It’s been nearly impossible to miss ICON for the last five years. The sexy design of the company’s amphibian light sport airplane has been matched only by the company’s sexy marketing. But now that ICON has finally delivered the first A5, it’s worth revisiting the project with an open mind. I see reasons for both hope and skepticism, but maybe more of the former.continue reading
After a long summer day at the FBO the boys and I decided to go for a late evening airplane ride. Sullivan (6 years old) was very excited about the view out his window and I gave him my iPhone to take a picture. The result is an uncropped picture that to me that shows the joy of flying old airplanes, flying with friends and family.
My destination that day was New Orleans, and they were expecting a tropical storm, maybe a hurricane, to make landfall somewhere around there that day. New Orleans was where, in the early to mid-1950s, Cessna delivered planes destined for overseas customers – to places like Australia, Africa, Europe, South Asia, and even South America.
Recently my memories of earlier days were rekindled during a chat with a friend regarding wheels-up landings. It emphasised to me again, no matter how often you fly and how long you have been doing it, there is always something to learn, particularly in a demanding aircraft, as was the Gnat in an engine-out forced landing.
The airlines have been able to parlay advances in technology and training to their near-perfect safety record. We have available every bit (and possibly more) in the way of high-tech stuff and yet the safety record doesn’t improve and has now apparently gotten worse. There is no question that something is badly out of place.
In our latest Friday Photo, aviation writer Amy Laboda shares a great shot of Bozeman Pass from their RV-10. It represented the end of a 1000 mile VFR flight, and a perfect summer vacation.
If you are a flying family, or want to be one, you will quickly realize that there is very little information online about flying with kids. I can tell you how much flying with your family is great, amazing, rewarding etc., but you probably don’t need too much convincing – you need the HOW. So here is my HOW.
The purpose of the trip was to see the prize that waits at the end of a hard journey. To show my son how all the work and effort will pay off. At school. With flying. In life. And, to spend some time alone, just the two of us, before competing pressures and the passage of time naturally pull us physically apart.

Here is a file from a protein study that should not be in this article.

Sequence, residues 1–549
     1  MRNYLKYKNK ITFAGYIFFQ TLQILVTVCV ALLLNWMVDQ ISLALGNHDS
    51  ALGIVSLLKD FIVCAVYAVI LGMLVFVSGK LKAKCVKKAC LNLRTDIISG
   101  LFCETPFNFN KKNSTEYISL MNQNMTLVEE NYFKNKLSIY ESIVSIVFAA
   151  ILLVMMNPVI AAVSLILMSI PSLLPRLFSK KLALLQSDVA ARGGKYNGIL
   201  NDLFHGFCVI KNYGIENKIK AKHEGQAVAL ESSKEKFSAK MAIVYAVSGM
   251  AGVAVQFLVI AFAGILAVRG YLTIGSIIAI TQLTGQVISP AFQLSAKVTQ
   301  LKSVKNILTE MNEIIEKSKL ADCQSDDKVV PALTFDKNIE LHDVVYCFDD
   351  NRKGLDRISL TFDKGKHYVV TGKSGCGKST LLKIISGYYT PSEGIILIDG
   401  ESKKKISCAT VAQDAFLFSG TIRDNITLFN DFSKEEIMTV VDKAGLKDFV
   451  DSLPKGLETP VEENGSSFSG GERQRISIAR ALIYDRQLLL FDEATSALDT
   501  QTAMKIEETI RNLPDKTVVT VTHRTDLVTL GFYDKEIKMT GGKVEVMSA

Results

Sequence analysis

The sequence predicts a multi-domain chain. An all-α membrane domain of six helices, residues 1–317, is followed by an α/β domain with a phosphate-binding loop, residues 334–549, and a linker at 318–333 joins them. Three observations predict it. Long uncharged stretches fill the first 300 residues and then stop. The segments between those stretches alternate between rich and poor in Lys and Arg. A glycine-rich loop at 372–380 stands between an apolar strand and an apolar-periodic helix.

Some pilots fly for the fun of it, to get out and see the world and forget about daily life. Others fly for the utility it provides, allowing them to travel efficiently in support of their business or family commitments. Is one more important than the other? Join our latest debate.
This week’s Friday Photo shares the view from an annual aviation pilgrimage – the flight to Oshkosh in mid-summer. From many parts of the US, this flight means the chance to fly past the Chicago skyline, which offers a stunning view.
It has long been standard to use the term “pilot error,” as in 86-percent of fatal GA accidents are caused by pilot error. But that it were so simple. To me it really starts with a pilot fumble. The ball is dropped, but the option is still there to recover. The error comes when the pilot fails to recover.
It’s been nearly impossible to miss ICON for the last five years. The sexy design of the company’s amphibian light sport airplane has been matched only by the company’s sexy marketing. But now that ICON has finally delivered the first A5, it’s worth revisiting the project with an open mind. I see reasons for both hope and skepticism, but maybe more of the former.
Flying with passengers is a lot of fun, but you need to be on guard whenever someone is in the right seat – even if they’re a pilot. A wary eye and a good pre-flight briefing is a start. But as this story proves, sometimes it’s the little things you have to watch.
In the second installment of our Friday Photo series, Larry Baum shares a gorgeous shot of the famed Denali, from the cockpit of his Aerostar. Read about his long trip from New York to Alaska.
The flight in question was a routine one, with three jumpers who wanted to jump from 10,000 feet. I did the usual full-power climb to 10,000 and was right at the jump zone so was ready to reduce power and level off for the jump. Except I couldn’t budge the throttle.
Instrument training is demanding, but at its most basic the goal is quite simple: keep the wings level and the needles crossed. Do that a few times with an examiner and you can pass the checkride. But if your goal is to really use your instrument rating (and do it safely), there’s a lot more to consider.